Deciding on finishes is one of the most challenging parts of a kitchen remodel. Do you also lost your way in the field of options for countertop and cabinet finishes? What makes it even more complicated is that there’s no set rule to choosing materials and finishes. Every project is different. But there are still some general guidelines that can help you make sense of your kitchen remodel.
Countertops require careful consideration, especially for a large island, as this can be the biggest single item of color and texture. This large surface area is a great place to start and can be the basis for the rest of your kitchen’s materials palette.
Choose a countertop that’s durable and easy to clean. We recommends looking into quartz or granite first. For a bigger statement, go for stainless steel or natural wood. Aim for light, smooth and reflective materials. Large-format tiles or slabs of stone will minimize grout lines and create a smooth and easy-to-clean surface.
We recommends sticking with a single countertop material, with a slight variation at the pantry or island, for consistency and simplicity.
You can start with the cabinet as the beginning of the materials palette. This is what ends up being most “in your face”, as the wall cabinets are smack dab at eye level.
Always keeps the materials choices as simple and natural as possible. We recommends sticking to a small palette — one or two materials — to keep it simple. Look for light-colored cabinetry to keep the space open and bright, using other materials in small doses for visual depth and texture.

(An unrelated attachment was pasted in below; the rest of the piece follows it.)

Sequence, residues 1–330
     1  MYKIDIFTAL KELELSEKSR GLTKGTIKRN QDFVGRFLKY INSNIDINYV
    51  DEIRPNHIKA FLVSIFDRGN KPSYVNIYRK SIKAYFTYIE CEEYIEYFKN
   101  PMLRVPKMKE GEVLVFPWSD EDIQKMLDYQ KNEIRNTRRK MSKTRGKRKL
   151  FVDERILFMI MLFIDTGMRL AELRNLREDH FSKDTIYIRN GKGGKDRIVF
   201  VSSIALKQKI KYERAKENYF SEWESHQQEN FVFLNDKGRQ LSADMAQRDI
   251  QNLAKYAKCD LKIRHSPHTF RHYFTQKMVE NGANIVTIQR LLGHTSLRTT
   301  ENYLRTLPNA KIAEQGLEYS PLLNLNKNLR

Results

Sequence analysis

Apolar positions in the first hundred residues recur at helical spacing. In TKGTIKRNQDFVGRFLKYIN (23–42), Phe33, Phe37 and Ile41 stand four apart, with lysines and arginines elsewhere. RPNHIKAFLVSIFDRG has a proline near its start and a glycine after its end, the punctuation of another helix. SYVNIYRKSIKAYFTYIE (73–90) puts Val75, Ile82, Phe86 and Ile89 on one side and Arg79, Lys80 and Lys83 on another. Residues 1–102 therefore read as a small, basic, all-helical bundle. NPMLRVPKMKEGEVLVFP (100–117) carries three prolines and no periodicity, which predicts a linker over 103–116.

Let contrast be the key. If the counters are rich and dark, go with a lighter door panel. A monochromatic approach is great, but if the countertop is visually active, calm it down on the door panel. Choose a door panel color that visually contrasts with your countertop. Floors are usually decided based on the surrounding rooms, but make sure the colors won’t clash with what’s in your kitchen.
The other little things — lighting, fixtures, bar stools and hardware — can tie the look of the kitchen together. Again, less is more here. Kitchens of multiple materials and colors require a lot of finesse.
Tell us: How did you choose your kitchen materials palette?